CUB beers no longer for the hardworking tradesperson

Protests by sacked workers outside Carlton and United Breweries’ Abbotsford plant have entered their twelfth week with no end in sight.

The workers, comprising electricians, fitters, and various maintenance workers, have proven to be integral to the production and supply of CUB’s various brands of beer.

CUB has been bussing in non-­union workers to replace the sacked workers but it seems they lack the experience and skill of their predecessors, with production levels suffering as a result.

The Australian Manufacturers Workers Union allege that beer production has slowed down considerably, putting production output at only a third of normal levels.

“It’s a state­-of-­the-­art brewery and for that you need state-­of-­the-­art trades people,” said AMWU’s Craig Kelly to 3CR Community Radio.

In a press release CUB have claimed that union action has caused “no impact in beer supply” but added that it has caused “noise and disruption (that) has impacted local residents and businesses”.

“They are attacking Australian workers while not contributing to society in any meaningful way.”

The current impasse between CUB and its sacked workforce has turned out to be a public relations nightmare, with users taking to social media to express anger at CUB’s actions.

Facebook pages for Victoria Bitter (CUB’s best selling beer) and Pure Blonde, have been repositories of angry posts from users denouncing CUB’s actions and calling for the sacked workers to be rehired at their old pay rates, or at the very least, be given some fair and sympathetic treatment.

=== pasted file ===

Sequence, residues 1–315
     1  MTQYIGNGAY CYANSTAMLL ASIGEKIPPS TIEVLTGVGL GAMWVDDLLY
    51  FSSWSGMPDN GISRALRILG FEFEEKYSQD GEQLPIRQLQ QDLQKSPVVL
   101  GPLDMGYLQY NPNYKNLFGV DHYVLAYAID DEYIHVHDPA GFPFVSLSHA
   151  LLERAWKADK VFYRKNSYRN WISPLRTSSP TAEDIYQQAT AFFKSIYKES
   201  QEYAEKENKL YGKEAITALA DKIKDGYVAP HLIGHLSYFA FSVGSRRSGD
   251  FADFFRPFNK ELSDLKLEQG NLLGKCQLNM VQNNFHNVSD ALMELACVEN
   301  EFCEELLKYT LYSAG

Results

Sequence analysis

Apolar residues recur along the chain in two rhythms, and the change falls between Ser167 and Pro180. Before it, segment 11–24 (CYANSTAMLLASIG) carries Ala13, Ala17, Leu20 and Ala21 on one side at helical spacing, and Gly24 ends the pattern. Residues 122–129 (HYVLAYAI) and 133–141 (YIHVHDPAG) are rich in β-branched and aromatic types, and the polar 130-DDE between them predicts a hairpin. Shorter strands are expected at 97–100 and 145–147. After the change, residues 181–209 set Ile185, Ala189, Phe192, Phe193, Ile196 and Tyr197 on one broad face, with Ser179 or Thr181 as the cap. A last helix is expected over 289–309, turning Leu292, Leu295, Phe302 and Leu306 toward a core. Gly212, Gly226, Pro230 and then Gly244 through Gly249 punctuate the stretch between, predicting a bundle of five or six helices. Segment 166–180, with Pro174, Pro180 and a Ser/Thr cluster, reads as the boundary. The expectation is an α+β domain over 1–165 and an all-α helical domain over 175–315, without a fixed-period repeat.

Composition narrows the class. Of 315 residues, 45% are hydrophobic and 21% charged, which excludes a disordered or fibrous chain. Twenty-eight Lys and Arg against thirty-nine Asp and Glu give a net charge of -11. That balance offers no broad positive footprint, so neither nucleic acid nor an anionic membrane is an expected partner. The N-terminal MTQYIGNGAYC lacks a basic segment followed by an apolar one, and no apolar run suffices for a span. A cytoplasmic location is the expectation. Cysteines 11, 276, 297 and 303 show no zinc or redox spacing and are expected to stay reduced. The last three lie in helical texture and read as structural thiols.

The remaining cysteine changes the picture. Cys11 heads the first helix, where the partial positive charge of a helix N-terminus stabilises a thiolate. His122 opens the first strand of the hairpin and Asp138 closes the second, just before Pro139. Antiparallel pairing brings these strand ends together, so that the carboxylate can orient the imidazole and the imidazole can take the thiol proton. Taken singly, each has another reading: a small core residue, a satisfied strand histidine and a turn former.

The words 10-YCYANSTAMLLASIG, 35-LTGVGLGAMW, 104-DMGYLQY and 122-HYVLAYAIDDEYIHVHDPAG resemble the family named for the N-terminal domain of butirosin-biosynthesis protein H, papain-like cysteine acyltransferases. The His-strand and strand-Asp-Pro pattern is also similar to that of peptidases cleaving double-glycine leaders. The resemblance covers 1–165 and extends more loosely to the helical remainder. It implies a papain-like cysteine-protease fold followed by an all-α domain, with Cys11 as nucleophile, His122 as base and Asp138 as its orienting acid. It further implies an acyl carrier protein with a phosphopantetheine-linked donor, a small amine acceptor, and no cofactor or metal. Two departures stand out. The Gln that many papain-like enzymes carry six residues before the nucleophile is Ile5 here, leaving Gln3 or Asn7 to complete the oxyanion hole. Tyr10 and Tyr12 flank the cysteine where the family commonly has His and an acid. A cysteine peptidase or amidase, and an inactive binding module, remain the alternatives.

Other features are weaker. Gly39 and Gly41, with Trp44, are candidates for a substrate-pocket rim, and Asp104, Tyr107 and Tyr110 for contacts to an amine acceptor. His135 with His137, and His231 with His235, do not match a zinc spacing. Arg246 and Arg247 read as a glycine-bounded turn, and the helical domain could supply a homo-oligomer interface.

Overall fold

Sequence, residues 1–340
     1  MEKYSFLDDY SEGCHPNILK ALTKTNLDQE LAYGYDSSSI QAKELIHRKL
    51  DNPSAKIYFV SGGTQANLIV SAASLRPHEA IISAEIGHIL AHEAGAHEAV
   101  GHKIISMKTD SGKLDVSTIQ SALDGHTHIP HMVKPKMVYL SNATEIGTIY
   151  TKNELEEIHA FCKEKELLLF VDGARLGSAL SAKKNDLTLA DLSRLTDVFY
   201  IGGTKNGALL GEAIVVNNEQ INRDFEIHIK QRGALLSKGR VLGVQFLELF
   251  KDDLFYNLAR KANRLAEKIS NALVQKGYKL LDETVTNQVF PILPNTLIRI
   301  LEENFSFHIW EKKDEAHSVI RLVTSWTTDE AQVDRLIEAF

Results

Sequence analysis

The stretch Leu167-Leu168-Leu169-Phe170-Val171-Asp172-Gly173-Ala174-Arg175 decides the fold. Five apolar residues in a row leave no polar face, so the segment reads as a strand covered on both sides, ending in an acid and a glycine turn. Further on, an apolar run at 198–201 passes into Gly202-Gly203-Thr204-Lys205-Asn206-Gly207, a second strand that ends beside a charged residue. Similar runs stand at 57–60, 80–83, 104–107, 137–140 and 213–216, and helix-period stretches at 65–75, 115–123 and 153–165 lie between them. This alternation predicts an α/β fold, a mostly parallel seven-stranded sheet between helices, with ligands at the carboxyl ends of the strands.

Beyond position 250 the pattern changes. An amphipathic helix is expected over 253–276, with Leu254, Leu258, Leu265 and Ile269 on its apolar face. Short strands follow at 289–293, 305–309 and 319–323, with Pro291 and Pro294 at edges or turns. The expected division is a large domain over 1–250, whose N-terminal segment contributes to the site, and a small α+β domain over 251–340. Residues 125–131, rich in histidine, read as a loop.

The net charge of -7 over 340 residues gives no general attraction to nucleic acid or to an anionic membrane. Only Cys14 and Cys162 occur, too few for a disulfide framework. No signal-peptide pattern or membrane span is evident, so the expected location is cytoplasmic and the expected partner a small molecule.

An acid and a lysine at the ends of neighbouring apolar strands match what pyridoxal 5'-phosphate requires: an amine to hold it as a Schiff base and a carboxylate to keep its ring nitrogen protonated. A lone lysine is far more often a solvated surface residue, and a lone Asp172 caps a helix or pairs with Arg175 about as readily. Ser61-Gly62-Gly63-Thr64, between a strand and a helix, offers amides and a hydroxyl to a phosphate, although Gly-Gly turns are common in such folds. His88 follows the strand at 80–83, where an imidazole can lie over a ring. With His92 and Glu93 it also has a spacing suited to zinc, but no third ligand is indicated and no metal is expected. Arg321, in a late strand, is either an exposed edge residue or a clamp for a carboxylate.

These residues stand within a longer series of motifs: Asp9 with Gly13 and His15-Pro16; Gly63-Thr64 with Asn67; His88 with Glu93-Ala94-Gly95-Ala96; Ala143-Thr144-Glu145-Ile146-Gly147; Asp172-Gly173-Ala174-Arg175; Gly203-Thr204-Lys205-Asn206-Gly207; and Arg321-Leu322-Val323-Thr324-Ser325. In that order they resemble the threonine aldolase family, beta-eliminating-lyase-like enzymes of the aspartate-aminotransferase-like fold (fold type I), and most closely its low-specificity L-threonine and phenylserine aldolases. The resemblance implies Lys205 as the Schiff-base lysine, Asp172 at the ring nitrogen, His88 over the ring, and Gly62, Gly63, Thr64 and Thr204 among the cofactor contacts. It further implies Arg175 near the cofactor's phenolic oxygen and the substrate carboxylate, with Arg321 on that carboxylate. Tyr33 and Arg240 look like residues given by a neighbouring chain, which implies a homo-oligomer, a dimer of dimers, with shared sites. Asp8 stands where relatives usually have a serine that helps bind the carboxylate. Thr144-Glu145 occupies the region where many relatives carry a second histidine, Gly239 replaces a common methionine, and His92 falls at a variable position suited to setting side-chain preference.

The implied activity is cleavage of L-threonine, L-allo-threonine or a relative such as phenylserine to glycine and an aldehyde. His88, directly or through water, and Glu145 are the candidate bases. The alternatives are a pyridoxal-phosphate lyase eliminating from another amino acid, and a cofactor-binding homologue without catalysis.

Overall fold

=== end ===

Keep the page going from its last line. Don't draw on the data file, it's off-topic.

When considering VB’s target demographic, the hard-working tradesperson, it’s small wonder there has been public backlash following the mass terminations and subsequent treatment of its trade-workers.

Unfortunately for CUB the publics indignation has not been confined to social media. Prominent Melbourne pubs such as Kent St and The Lincoln Hotel have both turned off their taps for CUB products, in solidarity with the sacked workers. With the Grand Hotel Yamanto in Queensland also following suit, the action is spreading nationally.

CUB owns half of the most popular beer brands in Australia. Its parent company, SABMiller earns US$22bn in yearly revenue.

It produced zero taxable income in Australia during the 2015, in spite of generating A$2bn in earnings.

As Electrical Trades Union organiser Steve Diston points out, “They’ve (CUB) managed to find a way to pay no tax, while their CEO is in for a $64 million bonus. To top it off, they are attacking Australian workers while not contributing to society in any meaningful way.”

Perhaps this gross inequality lies at the heart of the anger surrounding this issue. To many unionists, this seems like little more than union­-busting and cost­-cutting, but the real cost is to the lives of those affected.

In an ABC AM radio programme interview, labour economist John Spoehr, pointed out that based on previous incidents “around about one third of manufacturing workers that lose their jobs during downturns go on to be long term unemployed.”

Unless some sort of fair agreement is reach between CUB and their workers soon, the costs of these workers losing their jobs is going to be more than just dollars and cents.


By Garry Johal

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